During Western modernity,¹ the eighteenth- and nineteenth-century proliferation of literary productions by enslaved and free Africans must be understood for its historical, philosophical, and epistemological import, as African people’s interventions into Western discourse became a form of theoretical resistance to their enslavement, subjugation, and marginalization. Attendant to the birth of modern philosophy’s natural rights doctrine was the coterminous rise of Eurocentrism and racist discourse;² this ideological confluence represents the cultural and epistemo­logical dualism of modernity that eighteenth- and nineteenth-century Africana writers ardently contested. Africana writers delineated philosophical racism as an epistemic progression born of seminal historical, geopolitical, and socioeconomic forces;...

  5. CHAPTER ONE Being Apart: The Enlightenment, Scientific Racism, and Chattel Slavery
    (pp. 23-65)

    The Age of Reason¹is generally hailed as the West’s triumph over the provincialism of religious fervor in the eighteenth century through mastery over science, economics, and civil government. As the epochal representation of modernity’s maturity, it is also considered an unparalleled sociocultural and political moment that established connections among ideology, science, industry, and society toward the common goal of “‘the mastery over nature’” (Kennington 392). The Western subject’s dominion over nature is reflected in the highly influential scientific and anthropological classifications ofHomo sapiensinitiated by Linnaeus inSystema Naturae(1737). Yet while the eighteenth century witnessed the domination of...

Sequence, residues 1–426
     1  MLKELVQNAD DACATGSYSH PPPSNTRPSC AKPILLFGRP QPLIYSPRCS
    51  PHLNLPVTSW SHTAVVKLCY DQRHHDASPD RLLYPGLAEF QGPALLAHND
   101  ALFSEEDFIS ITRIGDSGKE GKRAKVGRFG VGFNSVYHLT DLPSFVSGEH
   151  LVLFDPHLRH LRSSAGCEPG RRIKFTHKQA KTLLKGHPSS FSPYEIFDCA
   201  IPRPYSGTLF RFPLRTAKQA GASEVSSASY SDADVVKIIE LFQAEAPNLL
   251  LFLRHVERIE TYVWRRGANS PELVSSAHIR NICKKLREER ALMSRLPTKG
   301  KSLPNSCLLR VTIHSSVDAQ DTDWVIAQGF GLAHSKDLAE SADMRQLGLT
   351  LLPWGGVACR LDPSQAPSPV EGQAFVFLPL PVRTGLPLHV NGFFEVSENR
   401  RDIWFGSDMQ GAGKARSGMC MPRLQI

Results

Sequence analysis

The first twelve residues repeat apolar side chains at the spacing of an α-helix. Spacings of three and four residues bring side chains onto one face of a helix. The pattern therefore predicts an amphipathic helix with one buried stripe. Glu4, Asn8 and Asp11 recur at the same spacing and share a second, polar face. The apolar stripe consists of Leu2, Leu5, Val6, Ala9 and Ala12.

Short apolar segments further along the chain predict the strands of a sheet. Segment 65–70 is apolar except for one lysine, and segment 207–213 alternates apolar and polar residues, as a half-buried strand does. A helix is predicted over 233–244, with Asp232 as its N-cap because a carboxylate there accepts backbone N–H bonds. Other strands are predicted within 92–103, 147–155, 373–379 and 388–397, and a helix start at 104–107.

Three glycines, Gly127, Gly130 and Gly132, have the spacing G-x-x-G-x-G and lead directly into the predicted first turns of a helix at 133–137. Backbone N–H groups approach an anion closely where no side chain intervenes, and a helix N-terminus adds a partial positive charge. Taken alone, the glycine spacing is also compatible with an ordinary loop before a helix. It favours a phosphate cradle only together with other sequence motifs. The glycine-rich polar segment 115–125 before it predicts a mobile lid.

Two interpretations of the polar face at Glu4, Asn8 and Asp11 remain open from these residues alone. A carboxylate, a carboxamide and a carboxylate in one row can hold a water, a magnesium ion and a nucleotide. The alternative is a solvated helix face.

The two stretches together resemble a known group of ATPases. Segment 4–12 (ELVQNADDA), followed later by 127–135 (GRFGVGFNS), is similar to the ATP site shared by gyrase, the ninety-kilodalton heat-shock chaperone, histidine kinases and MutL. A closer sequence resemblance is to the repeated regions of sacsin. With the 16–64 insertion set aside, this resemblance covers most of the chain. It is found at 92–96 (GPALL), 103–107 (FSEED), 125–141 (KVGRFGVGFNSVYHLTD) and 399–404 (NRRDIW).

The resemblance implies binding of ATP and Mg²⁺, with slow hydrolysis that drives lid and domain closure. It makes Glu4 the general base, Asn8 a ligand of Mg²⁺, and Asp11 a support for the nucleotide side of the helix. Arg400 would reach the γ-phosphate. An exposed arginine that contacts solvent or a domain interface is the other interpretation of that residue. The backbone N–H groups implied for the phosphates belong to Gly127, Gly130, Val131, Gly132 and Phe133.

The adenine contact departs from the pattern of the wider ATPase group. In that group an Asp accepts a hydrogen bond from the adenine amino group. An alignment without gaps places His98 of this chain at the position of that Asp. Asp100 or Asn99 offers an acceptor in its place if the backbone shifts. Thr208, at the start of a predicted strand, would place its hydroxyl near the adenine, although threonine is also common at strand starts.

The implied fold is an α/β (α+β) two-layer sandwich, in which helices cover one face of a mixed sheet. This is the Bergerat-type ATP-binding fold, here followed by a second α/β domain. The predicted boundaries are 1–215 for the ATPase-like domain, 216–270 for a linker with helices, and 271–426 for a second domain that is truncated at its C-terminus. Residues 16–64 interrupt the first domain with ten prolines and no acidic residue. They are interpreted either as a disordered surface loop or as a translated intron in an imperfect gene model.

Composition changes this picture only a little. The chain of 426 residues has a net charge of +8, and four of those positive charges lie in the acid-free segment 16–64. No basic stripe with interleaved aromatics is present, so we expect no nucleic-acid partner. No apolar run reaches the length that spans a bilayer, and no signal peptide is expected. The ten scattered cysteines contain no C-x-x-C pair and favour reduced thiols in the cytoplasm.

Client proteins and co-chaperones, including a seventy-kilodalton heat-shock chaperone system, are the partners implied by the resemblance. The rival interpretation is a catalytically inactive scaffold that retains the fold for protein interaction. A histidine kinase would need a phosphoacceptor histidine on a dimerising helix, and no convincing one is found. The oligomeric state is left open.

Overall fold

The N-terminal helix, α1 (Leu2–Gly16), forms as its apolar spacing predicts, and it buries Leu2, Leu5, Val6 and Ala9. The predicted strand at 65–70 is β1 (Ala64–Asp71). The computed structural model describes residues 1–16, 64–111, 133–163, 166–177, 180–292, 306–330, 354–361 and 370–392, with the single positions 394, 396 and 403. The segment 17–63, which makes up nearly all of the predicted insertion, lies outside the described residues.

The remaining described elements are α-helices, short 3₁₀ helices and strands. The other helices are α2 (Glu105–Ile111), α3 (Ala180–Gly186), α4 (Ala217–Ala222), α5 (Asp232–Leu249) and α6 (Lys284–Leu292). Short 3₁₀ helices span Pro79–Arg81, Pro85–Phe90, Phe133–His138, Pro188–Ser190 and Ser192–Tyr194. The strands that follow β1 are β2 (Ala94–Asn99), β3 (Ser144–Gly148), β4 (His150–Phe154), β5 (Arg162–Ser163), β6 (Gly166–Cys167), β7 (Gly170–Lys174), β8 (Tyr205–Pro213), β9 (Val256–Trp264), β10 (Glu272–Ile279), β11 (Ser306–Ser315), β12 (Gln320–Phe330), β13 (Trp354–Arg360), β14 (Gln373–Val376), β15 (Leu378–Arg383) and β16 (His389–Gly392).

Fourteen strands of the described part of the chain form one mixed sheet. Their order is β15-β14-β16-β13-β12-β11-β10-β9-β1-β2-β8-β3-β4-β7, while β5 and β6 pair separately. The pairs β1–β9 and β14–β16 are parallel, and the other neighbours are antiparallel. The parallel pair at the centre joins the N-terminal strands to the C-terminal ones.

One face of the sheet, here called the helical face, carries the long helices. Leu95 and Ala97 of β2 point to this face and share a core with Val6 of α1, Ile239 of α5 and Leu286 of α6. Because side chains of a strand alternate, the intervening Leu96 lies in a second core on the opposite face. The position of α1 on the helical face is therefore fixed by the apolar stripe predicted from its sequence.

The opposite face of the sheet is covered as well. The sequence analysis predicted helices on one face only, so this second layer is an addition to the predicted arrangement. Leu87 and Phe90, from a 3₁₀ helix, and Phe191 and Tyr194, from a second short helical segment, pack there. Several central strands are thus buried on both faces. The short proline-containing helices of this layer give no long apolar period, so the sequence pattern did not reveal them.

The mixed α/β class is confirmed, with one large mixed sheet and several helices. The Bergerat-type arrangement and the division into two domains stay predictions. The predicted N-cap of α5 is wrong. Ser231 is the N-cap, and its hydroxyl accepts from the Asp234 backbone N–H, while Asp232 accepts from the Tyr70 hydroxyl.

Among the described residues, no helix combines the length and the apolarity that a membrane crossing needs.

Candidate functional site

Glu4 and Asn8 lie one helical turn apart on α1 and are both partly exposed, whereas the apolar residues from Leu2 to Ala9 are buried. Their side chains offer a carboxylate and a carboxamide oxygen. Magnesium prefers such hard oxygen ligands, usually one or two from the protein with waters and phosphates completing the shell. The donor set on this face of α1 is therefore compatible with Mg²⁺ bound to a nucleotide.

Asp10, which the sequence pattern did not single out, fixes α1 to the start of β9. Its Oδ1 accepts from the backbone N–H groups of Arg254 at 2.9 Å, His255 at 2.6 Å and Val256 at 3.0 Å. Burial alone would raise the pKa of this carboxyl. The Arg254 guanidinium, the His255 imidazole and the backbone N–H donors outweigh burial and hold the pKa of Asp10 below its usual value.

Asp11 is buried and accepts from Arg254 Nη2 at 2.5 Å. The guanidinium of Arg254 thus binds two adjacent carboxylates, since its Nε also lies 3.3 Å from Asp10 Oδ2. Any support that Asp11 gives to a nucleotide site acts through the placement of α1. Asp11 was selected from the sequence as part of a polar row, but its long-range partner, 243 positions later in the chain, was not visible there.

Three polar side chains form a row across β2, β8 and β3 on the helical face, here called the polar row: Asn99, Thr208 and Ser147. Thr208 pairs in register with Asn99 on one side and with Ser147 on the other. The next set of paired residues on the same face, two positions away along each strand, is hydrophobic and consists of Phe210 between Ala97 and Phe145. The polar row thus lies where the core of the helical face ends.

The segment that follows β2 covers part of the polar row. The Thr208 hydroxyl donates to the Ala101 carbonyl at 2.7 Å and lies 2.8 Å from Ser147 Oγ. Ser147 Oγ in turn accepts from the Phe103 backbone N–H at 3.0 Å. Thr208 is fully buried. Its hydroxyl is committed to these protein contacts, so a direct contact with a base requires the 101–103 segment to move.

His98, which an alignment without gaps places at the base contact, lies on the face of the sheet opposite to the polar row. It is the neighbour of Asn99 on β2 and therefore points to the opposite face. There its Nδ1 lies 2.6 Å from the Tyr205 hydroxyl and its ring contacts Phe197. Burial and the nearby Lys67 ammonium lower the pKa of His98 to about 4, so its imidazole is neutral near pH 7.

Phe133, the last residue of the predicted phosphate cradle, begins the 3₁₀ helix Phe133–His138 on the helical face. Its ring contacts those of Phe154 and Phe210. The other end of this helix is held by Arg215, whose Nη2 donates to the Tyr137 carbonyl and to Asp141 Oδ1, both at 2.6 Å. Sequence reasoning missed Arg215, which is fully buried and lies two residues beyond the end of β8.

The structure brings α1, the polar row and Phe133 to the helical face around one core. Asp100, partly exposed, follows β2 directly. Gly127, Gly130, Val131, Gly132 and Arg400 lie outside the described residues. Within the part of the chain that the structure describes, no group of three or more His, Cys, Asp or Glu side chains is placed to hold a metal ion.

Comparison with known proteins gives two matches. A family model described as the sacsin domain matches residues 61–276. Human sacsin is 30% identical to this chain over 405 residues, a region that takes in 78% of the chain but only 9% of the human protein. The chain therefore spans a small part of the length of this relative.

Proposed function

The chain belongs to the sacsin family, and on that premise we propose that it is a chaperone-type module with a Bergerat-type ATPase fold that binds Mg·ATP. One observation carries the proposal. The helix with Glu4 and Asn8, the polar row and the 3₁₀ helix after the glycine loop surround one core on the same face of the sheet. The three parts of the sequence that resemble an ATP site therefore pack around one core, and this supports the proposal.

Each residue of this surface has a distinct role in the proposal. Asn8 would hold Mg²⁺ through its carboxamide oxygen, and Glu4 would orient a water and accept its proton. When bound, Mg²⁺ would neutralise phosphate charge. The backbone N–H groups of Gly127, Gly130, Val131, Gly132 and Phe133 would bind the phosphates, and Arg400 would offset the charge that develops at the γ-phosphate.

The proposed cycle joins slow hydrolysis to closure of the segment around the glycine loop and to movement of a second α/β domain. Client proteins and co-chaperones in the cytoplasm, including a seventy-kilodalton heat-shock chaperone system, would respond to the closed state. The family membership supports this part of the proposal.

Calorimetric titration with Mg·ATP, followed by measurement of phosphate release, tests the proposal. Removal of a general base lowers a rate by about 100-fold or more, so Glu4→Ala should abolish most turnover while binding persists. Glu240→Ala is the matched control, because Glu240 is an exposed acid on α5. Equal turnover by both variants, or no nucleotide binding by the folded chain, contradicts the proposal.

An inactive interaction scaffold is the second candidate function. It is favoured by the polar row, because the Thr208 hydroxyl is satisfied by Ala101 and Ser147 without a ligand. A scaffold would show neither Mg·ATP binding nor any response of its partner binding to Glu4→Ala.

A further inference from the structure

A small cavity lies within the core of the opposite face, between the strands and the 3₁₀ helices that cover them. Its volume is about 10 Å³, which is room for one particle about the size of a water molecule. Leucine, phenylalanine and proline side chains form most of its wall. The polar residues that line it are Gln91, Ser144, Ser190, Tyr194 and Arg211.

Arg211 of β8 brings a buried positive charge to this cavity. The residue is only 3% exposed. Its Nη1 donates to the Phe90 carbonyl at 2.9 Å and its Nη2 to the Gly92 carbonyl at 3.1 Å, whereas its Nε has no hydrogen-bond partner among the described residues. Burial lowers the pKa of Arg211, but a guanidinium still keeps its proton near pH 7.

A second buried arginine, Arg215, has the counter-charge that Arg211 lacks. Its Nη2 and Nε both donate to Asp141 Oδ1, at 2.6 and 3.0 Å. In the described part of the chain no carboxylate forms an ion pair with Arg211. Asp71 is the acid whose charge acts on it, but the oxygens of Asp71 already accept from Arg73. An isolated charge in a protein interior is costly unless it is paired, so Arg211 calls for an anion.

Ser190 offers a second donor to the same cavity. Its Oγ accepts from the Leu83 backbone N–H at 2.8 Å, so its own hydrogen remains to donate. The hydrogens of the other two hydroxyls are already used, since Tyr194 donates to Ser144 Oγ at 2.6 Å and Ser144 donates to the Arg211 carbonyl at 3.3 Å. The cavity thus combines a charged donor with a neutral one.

6. CHAPTER TWO The African Diasporic Proletariat
    (pp. 66-103)

    Where the nineteenth-century Africana vindicationists David Walker and Frederick Douglass sought to connect Negro American history to a larger historical discourse that situated ancient Africa as the foundation of Western civilization, two twentieth-century Africana philosophers sought to reconceptualize enslaved Africans in the Americas as workers, an African diasporic proletariat central to the birth of modern Western capitalism and empire. W. E. B. Du Bois’sBlack Reconstruction in America, 1860–1880(1935) and C. L. R. James’sThe Black Jacobins: Toussaint L’Ouverture and the San Domingo Revolution(1938) mark a shift within the disciplines of history and political philosophy as their...